“You probably won’t find it anywhere else. Up and down in a single day like that. ‘Bahm-bahm-bahm, gum zhou hei zho!’ (Bam-bam-bam, built just like that!)” His hands move higher and higher like a succession of fists, illusions of a foundation, imaginary duplications. “They’re so fast, you’ll never see anything like it. One day it’s there, the next day it isn’t. The builders are extremely talented.”

History here is built just like that.
Danger is not a warning to be careful.
Danger is a warning: It’s going to disappear.

“One day it’s there, the next day it isn’t.
The builders are extremely talented.”

Remember.

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Filed under Christal (dearskye.)

directions to….

hk love

directions to making a memory for constant replay about the city you love and the person you love that will withstand changes even if the city and the person do not

Return to the city where you were born, where you grew up, studied, met the people who composed you, fell in love and then left. Wait for a sunny day in the summer. August 1st, 2009 is a good day. Make sure someone you love and who loves you (possibly the love of your life to use the phrase) is with you. Maybe today is the last time you’ll be together for a couple of months. Maybe the two of you can not possibly be in this exact place again for the next three years.

Find a subway. Get on a train to Jordan; it’s on the red line between Yau Ma Tei and Tsim Sha Tsui. Or you can walk there if you’re already somewhere close though distance is relative and the city is sweltering. Exit onto Nathan Road and walk towards Tsim Sha Tsui on the left side of the road. It is difficult to get lost, but if you do, wander until you find the main road again. Keep walking straight until you pass a McDonalds. Walk until you see a long line of people. Wonder to yourself what they can all be thinking standing out in this heat waiting for something. Get in line. Wait.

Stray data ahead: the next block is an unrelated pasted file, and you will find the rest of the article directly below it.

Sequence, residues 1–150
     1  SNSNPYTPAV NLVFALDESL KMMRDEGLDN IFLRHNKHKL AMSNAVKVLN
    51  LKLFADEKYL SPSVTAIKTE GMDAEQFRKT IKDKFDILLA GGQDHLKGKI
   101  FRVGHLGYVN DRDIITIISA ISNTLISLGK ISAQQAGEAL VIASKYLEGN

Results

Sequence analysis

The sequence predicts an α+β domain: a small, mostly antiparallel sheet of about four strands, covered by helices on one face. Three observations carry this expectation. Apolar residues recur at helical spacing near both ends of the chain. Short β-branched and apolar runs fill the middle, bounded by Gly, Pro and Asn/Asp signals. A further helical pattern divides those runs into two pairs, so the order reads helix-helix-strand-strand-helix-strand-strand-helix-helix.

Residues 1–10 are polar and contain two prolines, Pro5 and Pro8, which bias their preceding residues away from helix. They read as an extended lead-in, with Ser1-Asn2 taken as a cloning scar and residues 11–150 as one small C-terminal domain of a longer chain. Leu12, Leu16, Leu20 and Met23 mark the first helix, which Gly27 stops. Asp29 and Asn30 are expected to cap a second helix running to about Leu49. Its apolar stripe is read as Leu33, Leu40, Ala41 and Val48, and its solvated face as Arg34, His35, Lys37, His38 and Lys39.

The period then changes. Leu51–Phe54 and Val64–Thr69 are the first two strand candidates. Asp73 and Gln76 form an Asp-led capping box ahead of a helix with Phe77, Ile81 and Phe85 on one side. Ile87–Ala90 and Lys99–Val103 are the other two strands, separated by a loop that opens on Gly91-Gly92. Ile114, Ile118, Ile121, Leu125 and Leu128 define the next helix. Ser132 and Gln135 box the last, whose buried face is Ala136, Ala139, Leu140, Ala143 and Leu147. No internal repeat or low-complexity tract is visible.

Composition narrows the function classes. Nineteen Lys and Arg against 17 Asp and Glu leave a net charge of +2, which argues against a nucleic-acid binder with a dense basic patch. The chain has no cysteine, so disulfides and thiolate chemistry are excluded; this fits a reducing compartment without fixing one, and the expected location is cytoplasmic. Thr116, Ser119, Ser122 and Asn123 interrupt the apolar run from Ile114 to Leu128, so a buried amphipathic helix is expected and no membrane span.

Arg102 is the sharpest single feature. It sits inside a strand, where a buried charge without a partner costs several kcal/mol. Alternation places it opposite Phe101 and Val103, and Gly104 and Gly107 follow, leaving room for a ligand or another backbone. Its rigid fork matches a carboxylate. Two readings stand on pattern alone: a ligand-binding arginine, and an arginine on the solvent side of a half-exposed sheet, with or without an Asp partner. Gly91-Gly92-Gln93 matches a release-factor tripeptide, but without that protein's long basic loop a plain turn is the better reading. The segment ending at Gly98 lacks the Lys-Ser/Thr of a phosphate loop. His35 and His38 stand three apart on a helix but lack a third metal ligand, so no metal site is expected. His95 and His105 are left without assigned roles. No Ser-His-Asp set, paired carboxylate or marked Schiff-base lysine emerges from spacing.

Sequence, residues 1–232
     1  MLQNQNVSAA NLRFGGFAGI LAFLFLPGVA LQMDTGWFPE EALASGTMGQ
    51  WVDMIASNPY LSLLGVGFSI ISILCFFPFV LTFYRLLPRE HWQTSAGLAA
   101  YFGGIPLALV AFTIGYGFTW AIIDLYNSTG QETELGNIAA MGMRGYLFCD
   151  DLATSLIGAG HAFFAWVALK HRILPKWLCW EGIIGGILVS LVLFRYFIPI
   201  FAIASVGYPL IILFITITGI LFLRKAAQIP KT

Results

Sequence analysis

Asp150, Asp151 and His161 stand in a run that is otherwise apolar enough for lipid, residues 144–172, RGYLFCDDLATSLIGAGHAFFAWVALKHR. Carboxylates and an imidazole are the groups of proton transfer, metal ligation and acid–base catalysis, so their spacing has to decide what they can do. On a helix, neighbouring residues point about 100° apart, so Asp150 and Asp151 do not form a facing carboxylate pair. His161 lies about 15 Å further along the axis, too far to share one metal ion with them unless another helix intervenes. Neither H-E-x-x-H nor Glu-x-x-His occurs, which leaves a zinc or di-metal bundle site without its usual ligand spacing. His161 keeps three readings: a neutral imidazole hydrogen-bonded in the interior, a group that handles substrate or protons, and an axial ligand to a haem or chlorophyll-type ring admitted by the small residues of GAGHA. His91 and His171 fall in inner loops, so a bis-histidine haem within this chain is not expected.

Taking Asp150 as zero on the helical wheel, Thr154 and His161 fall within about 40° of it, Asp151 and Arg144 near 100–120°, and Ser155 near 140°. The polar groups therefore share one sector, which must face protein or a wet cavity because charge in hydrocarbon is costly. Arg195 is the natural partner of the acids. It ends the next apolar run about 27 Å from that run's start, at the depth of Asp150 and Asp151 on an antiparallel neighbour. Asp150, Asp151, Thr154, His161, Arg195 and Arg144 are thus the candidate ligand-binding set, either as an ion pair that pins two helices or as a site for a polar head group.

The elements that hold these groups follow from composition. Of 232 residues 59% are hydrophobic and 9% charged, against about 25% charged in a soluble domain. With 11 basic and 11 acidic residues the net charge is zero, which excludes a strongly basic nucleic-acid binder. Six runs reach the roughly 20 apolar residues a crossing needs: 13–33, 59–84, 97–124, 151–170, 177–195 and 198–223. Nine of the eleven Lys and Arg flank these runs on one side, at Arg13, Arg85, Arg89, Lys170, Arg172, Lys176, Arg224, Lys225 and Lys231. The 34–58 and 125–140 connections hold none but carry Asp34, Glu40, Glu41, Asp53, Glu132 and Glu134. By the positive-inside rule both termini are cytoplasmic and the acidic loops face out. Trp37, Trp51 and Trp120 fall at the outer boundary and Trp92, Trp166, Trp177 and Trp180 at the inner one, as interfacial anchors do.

Eventually you will reach the head of the line and be asked how many you want. Probably you’ll be asked in Chinese so if you don’t understand just raise two fingers. If you’re lucky enough to both understand and speak the language, tell them you want two and hand over twenty-two dollars. Wait.

You will be handed two brown paper bags, each containing a circular waffle made up of bubbles curled slightly to fit inside the bag. These things I know are certain: it will be crispy on the outside, chewy inside, warm and perfect. Hopefully the sun is shining, but it’s not suffocating. Hopefully the person you love is next to you. With chance and luck and maybe fate, hopefully the two of you know you love each other. Maybe you’ll eat now. Maybe you’ll leave this city and not return. Perhaps.

And I know these directions are certain.

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Filed under Charis Poon

What the Fork.

Above: My Grandpa, Cheung Ching.

Translations of Fictitious Journal Entries

loosely based on a true love story

Dear Work Report,

I am relieved. My work is done. After three arduous years, I believe I have finally convinced Mrs. Leung that Cheung Ching is the right man for her daughter. I think Mrs. Leung was completely sold on the idea when I told her Cheung Ching spoke English and conversed with an English man yesterday when I was spying on him at work. Well, at least I think he was having a conversation with him – I’m a matchmaker, I can’t be responsible to know such things. The foreigner said something to him and Cheung started moving his mouth quite frantically and took out every fork that was on the Sincere Department Store catalogue. At the end of his feverish oral movements, the foreigner nodded, looked at the various forks and pointed at one and walked away looking satisfied. When I summarized that to Mrs. Leung, she looked to so blissful, like some bomb filled with happy ready to explode, I knew I didn’t need to say anymore.

So now that all that’s finished. I hope they’ll get married soon. Mrs. Leung has such picky taste; I don’t want to go through the whole process of finding someone she sees “potential” in again.

– Ms. Matchmaker, July 14

*

Dear Diary,

What a wonderful day! I’ve been dreaming of Red, Red, Red! I’ve started the dowry list! I’ve gotten my calendar out to figure out that special day when all the luck, love, and prosperity will flourish! My mouth waters to taste the tea that will be given to me by my daughter and her groom! What a mystical elation my heart feels!